On appeal from summary judgment, this court:determines whether there are any genuine issues of material fact and whether the trial court erred in its application of the law.
Hubred v. Control Data Corp., 442 N.W.2d 308, 310 (Minn.1989) (citation omitted).[T]he reviewing court "must take a view of the evidence most favorable to the one against whom the motion was granted."
City of Virginia v. Northland Office Properties, 465 N.W.2d 424, 427 (Minn. App.1991) (citation omitted), pet. for rev. denied (Minn. Apr. 18, 1991).I.
The trial court granted summary judgment for Bank after concluding that appellants could recover nothing. The trial court held that application of Minn.Stat. § 336.4-407 and the indemnity agreement resolved appellants' claims for reimbursement from Bank. This resolution of a summary judgment motion is acceptable. See Minn.R.Civ.P. 12.02, 56.03; Kronzer v. First Nat'l Bank, 305 Minn. 415, 429-30, 235 N.W.2d 187, 195-96 (1975) (summary judgment proper where indemnity agreement makes litigation fruitless).
The relevant statute provides:If a payor bank has paid an item over the stop payment order of the drawer or maker or otherwise under circumstances giving a basis for objection by the drawer or maker, to prevent unjust enrichment and only to the extent necessary to prevent loss to the bank by reason of its payment of the item, the payor bank shall be subrogated to the rights (a) of any holder in due course on the item against the drawer or maker; and (b) of the payee or any other holder of the item against the drawer or maker either on the item or under the transaction out of which the item arise; and (c) of the drawer or maker against the payee or any other holder of the item with respect to the transaction out of which the item arose.
Minn.Stat. § 336.4-407 (1986).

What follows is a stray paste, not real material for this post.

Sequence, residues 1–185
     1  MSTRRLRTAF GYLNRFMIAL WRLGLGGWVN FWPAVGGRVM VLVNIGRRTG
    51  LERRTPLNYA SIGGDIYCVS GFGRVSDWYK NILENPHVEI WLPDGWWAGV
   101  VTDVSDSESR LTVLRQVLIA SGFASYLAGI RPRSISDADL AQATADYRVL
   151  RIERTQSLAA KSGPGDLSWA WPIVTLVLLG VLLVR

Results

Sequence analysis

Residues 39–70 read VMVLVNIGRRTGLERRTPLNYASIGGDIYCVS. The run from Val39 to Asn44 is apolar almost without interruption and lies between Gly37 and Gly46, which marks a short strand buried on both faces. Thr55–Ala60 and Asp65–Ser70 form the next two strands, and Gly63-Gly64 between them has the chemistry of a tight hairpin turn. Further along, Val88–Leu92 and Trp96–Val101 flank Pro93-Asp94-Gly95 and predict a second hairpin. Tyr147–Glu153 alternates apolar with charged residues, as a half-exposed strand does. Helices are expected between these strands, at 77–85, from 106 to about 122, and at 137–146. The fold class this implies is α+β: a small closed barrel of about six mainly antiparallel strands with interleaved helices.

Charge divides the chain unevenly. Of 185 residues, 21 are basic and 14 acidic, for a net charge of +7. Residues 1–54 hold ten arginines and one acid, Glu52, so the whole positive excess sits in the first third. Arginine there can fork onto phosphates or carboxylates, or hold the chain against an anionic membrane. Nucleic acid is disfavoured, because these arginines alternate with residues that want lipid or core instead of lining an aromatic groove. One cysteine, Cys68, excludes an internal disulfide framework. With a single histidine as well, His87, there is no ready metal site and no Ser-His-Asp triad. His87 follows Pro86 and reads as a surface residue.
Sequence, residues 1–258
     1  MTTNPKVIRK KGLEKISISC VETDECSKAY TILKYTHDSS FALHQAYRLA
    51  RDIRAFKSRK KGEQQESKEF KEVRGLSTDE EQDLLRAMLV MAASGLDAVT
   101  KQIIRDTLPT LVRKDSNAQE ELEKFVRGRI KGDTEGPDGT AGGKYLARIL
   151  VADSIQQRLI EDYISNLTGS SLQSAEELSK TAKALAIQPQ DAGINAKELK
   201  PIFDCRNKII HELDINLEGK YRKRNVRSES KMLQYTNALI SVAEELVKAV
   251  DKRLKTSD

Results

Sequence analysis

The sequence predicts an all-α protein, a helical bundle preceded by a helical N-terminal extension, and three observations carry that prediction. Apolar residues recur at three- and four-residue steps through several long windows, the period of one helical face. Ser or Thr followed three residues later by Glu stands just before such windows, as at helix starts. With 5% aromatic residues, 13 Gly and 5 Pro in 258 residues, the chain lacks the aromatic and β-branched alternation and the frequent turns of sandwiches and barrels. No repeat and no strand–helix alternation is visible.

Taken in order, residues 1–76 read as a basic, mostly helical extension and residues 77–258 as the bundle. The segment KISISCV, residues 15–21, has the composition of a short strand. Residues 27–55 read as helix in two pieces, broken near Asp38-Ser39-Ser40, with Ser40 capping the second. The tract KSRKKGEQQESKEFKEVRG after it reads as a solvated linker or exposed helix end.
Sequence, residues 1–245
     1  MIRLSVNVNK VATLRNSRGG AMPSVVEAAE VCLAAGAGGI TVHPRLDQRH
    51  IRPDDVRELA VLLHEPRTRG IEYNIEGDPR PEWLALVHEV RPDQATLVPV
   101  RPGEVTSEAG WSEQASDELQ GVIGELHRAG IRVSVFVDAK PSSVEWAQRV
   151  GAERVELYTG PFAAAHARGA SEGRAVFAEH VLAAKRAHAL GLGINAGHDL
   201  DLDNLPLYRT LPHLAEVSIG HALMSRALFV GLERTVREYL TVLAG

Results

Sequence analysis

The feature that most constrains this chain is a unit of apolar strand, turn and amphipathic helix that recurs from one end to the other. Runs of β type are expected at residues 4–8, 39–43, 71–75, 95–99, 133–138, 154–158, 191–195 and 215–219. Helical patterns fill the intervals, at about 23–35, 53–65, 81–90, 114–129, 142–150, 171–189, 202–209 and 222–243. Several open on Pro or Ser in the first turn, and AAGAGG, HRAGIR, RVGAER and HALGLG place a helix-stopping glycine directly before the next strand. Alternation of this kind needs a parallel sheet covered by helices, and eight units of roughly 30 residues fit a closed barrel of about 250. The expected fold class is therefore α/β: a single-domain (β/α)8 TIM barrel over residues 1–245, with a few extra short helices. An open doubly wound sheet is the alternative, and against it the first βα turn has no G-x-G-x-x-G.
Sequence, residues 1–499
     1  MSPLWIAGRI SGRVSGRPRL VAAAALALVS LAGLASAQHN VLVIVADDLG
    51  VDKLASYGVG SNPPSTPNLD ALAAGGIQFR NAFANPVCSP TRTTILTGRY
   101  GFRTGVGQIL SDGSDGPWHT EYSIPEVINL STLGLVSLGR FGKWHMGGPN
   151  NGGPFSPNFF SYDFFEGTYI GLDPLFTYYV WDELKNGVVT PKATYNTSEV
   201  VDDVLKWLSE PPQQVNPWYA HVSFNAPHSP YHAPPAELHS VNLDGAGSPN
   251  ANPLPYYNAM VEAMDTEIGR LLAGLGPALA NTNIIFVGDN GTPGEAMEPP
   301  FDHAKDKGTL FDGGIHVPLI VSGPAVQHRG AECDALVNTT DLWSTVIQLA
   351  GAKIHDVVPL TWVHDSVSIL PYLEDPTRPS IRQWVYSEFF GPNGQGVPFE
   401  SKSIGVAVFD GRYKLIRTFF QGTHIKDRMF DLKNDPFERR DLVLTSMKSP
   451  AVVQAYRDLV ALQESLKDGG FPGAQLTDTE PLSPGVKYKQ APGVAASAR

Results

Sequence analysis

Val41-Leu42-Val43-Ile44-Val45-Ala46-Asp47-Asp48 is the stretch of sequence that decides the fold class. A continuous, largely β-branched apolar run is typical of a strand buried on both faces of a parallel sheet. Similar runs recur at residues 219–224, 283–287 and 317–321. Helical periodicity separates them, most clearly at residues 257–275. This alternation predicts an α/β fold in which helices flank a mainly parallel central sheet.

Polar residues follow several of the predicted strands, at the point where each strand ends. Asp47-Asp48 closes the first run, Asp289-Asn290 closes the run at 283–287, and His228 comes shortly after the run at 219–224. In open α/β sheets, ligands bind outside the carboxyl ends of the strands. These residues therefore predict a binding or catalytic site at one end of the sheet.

Appellants argue that the facts of this case are not controlled by section 336.4-407 because Bank benefitted from the transaction and/or because there was no unjust enrichment. Alternatively, appellants argue that if section 336.4-407 applies, Bank can only be subrogated to the rights of a drawer or maker, and that appellants were not drawers or makers because the signatures were not authorized. We disagree. Appellants were the drawers or makers, in the language of this statute, by virtue of their ownership of the accounts, and a payor bank shall be subrogated to the rights of a drawer against a payee.
As the comment to this section explains:This section applies only to a payor bank, and only to situations in which such bank has paid an item when it should not have done so i.e. when payment had been stopped, or the item was altered or contained an unauthorized signature, or the bank had knowledge of the customer's legal incompetence or death, etc. In such situations the item is ordinarily not properly chargeable to the customer and if charged, he ordinarily has a basis for objection and a right to reimbursement by the bank. * * * In other cases, the customer has rights (e.g. for fraud) against the person who obtained the item from him and collected on it from the bank. In such cases, even though the bank has improperly paid the item such payment should not unjustly benefit either the customer or others at the bank's *87 expense, and the bank is entitled to invoke the principle of subrogation in order to prevent them from benefiting unjustly from its payment.
Minn.Stat.Ann. § 336.4-407 Minn. code cmt. (West 1966) (emphasis added).
Furthermore, the statute applies to "loss to the bank by reason of its payment of the item." Minn.Stat. § 336.4-407. If Bank pays the payee and reimburses the drawer, Bank has suffered a loss by reason of its payment of the item. Appellants objected to the payments in this case and the section applies whenever a bank has made an objectionable payment.
In support of their argument that section 336.4-407 does not apply because appellants were not the drawers or makers of the checks, appellants also rely on Dozier v. First Ala. Bank, 363 So. 2d 781 (Ala.Civ. App.1978). That case held that where a bank cashes a check drawn on a corporate account, signed by a corporate employee not authorized to write checks on the account, and where the bank had prior notice that the employee was not authorized, the bank is not subrogated to the rights of the corporation under U.C.C. § 4-407 because the corporation was not a drawer or maker. Id. at 784-85.
Respondent argues that Dozier is not controlling and points to other jurisdictions that have held otherwise. In Acrometal Co. v. First Am. Bank, 475 N.W.2d 487 (Minn.App.1991), pet. for rev. denied (Minn. Oct. 31, 1991), a corporate employee used a stamped facsimile signature to embezzle funds. Id. at 488-89. The court concluded that the corporate customer was the drawer. Id. at 490.